Latin America resists US pressure to exclude Huawei
Latin American is defying Trump administration efforts to turn the region against Huawei, choosing to stay close to Beijing rather than join a US campaign to ban the Chinese company from telecoms networks.
US officials have been pressing Latin American countries to replicate Washington’s decision to exclude Huawei from its 5G networks, diplomats say, warning the company could be used by Beijing in snooping activities.
But Brazil, under rightwing president Jair Bolsonaro, an ally of US counterpart Donald Trump, has led the resistance. Hamilton Mourão, Brazil’s deputy president, said his government saw “Huawei with good eyes” while visiting Beijing with a business delegation in late May.
“Huawei is established in Brazil and will make more investments,” he said, adding that Huawei representatives had come to his Brasília office in May to present their expansion plans.
Brazil, Mexico and Argentina — Latin America’s three largest economies — are due to decide this year or in early 2020 whether they will allow Huawei to participate in the rollout of 5G mobile infrastructure in their countries.
In April, Wilbur Ross, US commerce secretary, left an audience of Mexican and US businessmen in no doubt what the Trump administration thought of Huawei’s 5G expansion plans in Latin America.
“We don’t want very active participation of Chinese investment in Mexico, especially not in strategic projects,” said Mr Ross, according to Alfonso Romo, President Andrés Manuel López Obrador’s chief of staff.
A senior South American diplomat said “there is a lot of pressure from the US not to let Huawei in”, stressing that the anti-Huawei push was one reason for US secretary of state Mike Pompeo’s visits to the region this year.
But the Trump administration’s efforts appear to have come to nothing — at least for now.
Sebastián Piñera, Chile’s president, met Huawei chairman Liang Hua in Shenzhen in April and said “Huawei is welcome to participate in public tenders” in Chile for 5G and fibreoptic cable projects.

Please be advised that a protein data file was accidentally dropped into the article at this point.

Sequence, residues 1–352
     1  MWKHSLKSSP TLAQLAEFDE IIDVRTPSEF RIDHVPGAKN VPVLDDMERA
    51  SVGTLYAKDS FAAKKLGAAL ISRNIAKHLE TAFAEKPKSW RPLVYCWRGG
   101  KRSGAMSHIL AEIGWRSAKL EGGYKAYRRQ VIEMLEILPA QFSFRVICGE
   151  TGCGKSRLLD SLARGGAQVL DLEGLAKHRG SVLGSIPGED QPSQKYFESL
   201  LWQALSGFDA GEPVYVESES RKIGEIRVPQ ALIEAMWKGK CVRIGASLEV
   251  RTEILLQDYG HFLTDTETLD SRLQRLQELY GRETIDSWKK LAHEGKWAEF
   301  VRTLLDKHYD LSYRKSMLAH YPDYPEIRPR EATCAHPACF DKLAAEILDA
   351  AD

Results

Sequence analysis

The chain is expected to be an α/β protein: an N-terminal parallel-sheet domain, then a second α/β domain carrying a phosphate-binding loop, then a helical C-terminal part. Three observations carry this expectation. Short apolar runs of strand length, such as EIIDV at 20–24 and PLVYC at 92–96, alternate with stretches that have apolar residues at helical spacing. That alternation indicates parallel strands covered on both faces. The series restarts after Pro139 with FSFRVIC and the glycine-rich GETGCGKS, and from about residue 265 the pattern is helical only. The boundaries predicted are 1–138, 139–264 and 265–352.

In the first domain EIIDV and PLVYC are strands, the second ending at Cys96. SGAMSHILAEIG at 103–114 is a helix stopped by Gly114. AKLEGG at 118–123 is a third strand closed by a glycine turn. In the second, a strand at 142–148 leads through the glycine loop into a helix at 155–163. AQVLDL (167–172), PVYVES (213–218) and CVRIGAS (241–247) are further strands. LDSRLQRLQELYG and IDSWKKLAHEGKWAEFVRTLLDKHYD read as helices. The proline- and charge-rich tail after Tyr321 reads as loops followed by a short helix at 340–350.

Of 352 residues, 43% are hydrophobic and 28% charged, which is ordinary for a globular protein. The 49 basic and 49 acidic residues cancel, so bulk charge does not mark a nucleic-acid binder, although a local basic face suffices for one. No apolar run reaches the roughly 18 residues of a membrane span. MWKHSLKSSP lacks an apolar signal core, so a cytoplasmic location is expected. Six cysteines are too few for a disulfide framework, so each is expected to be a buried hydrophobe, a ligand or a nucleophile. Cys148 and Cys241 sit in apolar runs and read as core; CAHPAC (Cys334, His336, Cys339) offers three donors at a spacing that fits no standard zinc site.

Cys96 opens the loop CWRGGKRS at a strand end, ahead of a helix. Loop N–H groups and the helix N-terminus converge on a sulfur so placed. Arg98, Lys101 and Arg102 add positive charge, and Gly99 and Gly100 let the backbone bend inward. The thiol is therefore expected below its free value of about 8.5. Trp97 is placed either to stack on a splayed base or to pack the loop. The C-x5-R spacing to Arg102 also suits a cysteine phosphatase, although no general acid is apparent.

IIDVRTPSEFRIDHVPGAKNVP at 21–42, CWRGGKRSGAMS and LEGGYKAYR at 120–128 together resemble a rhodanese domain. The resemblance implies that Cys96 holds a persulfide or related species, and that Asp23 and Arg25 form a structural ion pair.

Ricardo Salinas, a media mogul close to Mr López Obrador in Mexico, said: “I have nothing but good things to say about Huawei. I think it’s a disgrace what these Americans are doing to put them down.”
Ernesto Piedras, head of the Competitive Intelligence Unit consultancy, said Mexico’s telecoms networks were deeply dependent on Huawei. Mexico is dominated by América Móvil and US giant AT&T, which entered the market by buying local networks that “six years ago were totally Huawei”.
“AT&T in Mexico has Chinese DNA,” Mr Piedras said.
The US ban would delay the worldwide rollout of 5G by 10 to 14 months, he added, making it unlikely to arrive in Mexico before 2023.
Analysts say Huawei has the best equipment for 5G, adding there is no US supplier able to compete with them in Latin America. The only other viable providers are Samsung, Ericsson and Nokia, which would cost more.
The US campaign against Huawei has become bound up in President Donald Trump’s trade war with China. Washington has unsuccessfully lobbied European governments to ban Huawei and is threatening to limit intelligence sharing with the UK if it does not follow suit.
But for Latin America, where economic growth is faltering, the imperative to attract Chinese investments and financing is strong.
In Beijing, Bruno Rodríguez Parrilla, foreign minister of communist-led Cuba, told China’s official Xinhua news agency: “We have traditional business relationships with Huawei, and Cuba has all the confidence in Chinese technology and in this company in particular.”
He said the US was “losing the technological contest” versus China and resorting to “crude tools, typical of another era” to curb its expansion.
One executive at an international telecommunications company operating in Argentina said “there is no way Huawei is going to be excluded” from the country. If the presidential candidate handpicked by former leftist president Cristina Fernández de Kirchner wins an October election, Buenos Aires is likely to become more closely aligned with Beijing.
Brazil’s opposition to a Huawei ban runs against the grain of Mr Bolsonaro’s broader political affinity with Mr Trump. But it partly reflects the influence of the farming constituency that brought him to power, which relies on China as a big buyer.
Larissa Wachholz, director at Vallya, a consultancy that brings Chinese investors to Brazil, said that unless it was proved China had access to other countries’ data via 5G technology “Brazil will not and should not, prevent Huawei from participating”.